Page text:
CHARLESTOWN – The newly installed Town Council members may have had a relatively brief first meeting Monday night, but they will soon have plenty on their plate.
Not long after the five council members were sworn in by state Rep. Donna Walsh, D-Charles town, and President Thomas B. Gentz and Vice President Paula Ann Andersen had accepted their leadership positions, the members retreated into a 15-minute executive session to discuss the proposed Whalerock wind turbine development.
After returning to the council chambers, they voted unanimously to authorize Town Solicitor Peter Ruggerio to file an appeal of the Zoning Board of Review’s decision last week allowing the plan to go forward.
Last Tuesday, the zoning committee, sitting as an appeal board, reaffirmed its January 2011 decision verifying that Whalerock Renewable Energy LLC had completed the necessary paperwork to proceed with its application and seek a special use permit allowing construction of two wind turbines on an 81-acre site between King’s Factory Road and East Quail Run. The council and a group of neighboring residents had appealed the 2011 decision in Superior Court, and Associate Justice Judith Savage had remanded it for clarification. The decision to continue the court fight against Whalerock is a continuation of the previous council’s stance, Gentz said. “We’re siding with the neighbors who don’t think it belongs here,” he said.
Councilor Daniel B. Slattery, the council’s liaison to the Zoning Board, attended last week’s meeting and expressed his disappointment that it didn’t reopen the public hearing on Whalerock before taking its vote.
“I had hoped the board would’ve evaluated its position, based on the judge sending it back. It would’ve been nice to have let the people speak,” he said.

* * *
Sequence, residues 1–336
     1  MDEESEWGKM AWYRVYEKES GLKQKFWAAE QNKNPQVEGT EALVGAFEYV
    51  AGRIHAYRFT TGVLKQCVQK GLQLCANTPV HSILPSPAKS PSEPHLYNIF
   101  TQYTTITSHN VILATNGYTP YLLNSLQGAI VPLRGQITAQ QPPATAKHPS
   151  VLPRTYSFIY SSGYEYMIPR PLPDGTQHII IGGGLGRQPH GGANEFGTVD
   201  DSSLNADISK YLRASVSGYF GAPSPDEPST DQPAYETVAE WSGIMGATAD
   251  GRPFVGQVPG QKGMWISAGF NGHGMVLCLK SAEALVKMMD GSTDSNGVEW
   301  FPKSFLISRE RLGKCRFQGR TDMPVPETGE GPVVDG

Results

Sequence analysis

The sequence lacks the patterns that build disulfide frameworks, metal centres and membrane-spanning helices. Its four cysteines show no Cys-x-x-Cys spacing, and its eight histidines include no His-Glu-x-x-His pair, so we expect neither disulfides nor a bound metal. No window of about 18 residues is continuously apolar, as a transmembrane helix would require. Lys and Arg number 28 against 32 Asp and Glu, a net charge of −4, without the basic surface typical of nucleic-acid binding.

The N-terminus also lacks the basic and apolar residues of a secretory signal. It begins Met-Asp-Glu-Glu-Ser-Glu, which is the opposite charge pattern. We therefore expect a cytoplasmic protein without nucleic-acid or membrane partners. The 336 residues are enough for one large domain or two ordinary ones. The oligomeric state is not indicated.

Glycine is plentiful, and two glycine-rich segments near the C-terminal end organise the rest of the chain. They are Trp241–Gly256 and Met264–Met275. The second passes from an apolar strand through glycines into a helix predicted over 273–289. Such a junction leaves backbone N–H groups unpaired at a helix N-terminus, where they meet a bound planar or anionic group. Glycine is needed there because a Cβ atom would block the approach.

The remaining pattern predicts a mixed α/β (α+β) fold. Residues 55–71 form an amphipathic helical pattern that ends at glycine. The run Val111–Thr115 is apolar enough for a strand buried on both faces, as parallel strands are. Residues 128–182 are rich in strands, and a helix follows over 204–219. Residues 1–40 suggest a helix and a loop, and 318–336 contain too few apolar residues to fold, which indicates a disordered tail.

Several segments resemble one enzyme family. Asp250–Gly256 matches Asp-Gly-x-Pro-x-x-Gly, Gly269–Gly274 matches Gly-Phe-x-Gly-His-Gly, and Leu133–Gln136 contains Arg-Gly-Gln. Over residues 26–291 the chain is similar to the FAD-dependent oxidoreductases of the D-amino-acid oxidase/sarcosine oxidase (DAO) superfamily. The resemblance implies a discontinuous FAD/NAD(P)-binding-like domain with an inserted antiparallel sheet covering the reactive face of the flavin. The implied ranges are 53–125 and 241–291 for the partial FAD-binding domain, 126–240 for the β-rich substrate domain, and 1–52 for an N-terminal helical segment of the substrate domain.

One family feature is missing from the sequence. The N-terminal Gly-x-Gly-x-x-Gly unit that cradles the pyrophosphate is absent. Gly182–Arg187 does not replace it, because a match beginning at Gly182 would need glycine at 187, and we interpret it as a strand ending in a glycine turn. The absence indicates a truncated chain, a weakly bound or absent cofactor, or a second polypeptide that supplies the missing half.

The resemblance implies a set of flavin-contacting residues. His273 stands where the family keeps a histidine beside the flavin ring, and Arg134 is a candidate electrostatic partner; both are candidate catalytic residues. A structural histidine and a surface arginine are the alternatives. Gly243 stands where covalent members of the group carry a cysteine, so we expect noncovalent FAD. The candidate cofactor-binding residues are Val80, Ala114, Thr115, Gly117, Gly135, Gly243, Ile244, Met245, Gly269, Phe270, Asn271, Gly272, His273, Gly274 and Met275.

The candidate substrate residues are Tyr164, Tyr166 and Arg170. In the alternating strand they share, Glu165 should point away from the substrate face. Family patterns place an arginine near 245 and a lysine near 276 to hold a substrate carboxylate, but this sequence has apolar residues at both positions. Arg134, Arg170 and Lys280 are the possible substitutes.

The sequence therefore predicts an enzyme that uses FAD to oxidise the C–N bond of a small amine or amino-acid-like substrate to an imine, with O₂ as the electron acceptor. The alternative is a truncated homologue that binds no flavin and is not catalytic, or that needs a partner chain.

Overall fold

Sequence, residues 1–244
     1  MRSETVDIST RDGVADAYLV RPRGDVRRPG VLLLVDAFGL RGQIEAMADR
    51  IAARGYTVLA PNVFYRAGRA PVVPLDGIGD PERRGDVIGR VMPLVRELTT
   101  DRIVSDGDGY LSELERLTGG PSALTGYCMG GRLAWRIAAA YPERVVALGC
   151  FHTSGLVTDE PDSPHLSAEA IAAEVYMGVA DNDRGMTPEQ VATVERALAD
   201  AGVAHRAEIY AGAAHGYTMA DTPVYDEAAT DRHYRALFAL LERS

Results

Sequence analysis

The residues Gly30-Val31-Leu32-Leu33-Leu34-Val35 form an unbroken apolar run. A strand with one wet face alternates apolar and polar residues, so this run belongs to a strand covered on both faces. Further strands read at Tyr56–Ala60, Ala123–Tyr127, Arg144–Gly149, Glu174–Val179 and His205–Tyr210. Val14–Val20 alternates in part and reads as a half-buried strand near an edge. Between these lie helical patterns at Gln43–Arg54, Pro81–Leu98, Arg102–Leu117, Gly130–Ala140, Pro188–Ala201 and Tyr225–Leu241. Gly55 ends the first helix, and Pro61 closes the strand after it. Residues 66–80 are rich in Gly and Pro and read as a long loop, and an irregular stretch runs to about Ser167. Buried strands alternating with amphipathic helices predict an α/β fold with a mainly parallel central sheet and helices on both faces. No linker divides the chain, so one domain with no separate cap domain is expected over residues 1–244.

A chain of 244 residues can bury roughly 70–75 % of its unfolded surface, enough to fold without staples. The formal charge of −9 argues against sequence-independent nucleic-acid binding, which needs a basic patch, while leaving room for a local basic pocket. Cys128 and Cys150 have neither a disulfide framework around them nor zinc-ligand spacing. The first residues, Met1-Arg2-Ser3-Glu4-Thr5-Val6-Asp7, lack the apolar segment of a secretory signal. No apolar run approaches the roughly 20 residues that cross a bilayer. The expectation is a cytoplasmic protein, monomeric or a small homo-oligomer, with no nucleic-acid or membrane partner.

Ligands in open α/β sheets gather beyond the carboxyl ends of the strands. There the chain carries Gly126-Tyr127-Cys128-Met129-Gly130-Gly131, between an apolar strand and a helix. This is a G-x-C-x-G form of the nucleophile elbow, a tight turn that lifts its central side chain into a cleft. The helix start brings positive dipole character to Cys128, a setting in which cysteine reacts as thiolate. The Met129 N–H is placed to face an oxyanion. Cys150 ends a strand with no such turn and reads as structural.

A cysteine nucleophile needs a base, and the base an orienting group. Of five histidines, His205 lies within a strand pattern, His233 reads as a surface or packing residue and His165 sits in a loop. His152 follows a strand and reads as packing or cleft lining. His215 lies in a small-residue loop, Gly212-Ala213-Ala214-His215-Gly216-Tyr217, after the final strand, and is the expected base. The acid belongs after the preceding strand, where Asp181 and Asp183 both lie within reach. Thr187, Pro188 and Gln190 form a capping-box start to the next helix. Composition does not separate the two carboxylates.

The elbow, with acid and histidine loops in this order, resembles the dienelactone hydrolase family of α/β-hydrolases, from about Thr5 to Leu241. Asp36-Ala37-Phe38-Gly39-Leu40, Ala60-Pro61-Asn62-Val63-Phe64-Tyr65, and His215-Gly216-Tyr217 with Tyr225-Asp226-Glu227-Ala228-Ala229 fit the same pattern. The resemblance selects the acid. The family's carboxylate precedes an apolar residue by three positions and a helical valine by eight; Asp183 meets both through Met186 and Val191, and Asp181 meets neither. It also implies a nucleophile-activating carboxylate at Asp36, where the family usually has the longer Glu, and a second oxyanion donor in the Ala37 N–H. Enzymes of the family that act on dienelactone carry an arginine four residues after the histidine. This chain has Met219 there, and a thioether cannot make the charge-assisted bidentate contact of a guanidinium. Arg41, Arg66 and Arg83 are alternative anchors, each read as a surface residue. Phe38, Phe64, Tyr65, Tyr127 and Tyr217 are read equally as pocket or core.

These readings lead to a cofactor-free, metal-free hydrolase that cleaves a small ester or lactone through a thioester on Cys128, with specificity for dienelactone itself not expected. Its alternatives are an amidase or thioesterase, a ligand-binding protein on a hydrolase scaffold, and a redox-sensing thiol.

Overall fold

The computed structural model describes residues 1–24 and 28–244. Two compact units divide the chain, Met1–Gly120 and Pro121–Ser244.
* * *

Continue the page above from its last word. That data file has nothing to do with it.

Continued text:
Also on Monday, Gentz said the council will hold a work session Dec. 5 at 7 p.m. to meet with neighbors of Copar Quarries, just across the town line in Westerly. Residents from both towns last week brought complaints about noise, air quality, blasting and well pollution to the council.
Gentz encouraged those who plan to attend the meeting to bring any evidence of problems, such as documents, notices or bills, to Interim Town Administrator Patricia Anderson or Town Clerk Amy Rose Weinreich before to the meeting or to the meeting that night.
“I’m not sure what jurisdiction we have, other than to side with the neighbors up there,” he said. The Westerly Zoning Board of Review is currently considering Copar’s appeal of an August cease-and-desist order issued by Zoning Officer Elizabeth Burdick after she cited it for operating beyond its permit area.
The council also voted to discuss the search for a new town administrator with the ad hoc search committee in January.
Gentz, Slattery and Lisa A. DiBello, who were re-elected Nov. 6, and the newly elected Andersen and George C. Tremblay, were sworn in for new two-year terms. Weinreich then read Question 10, one of four town charter changes approved by the voters two weeks ago, which changed the selection process for the president and vice president.
As was the case two years ago, Gentz, as the leading vote-getter in the election, was asked by Weinreich if he wished to take the presidency, and answered, “Yes, I do.”
Under the newly revised charter, instead of holding an election among the members for vice president, Andersen, the second highest vote-getter, was granted the right of first refusal for the vice presidency. Asked if she wished to serve, Andersen, too, answered “Yes, I do.”
She was the only Democrat elected to the council. The slate backed by the Charlestown Citizens Alliance now holds a three-vote majority – Gentz, Slattery and Tremblay. DiBello ran as an unaffiliated candidate.
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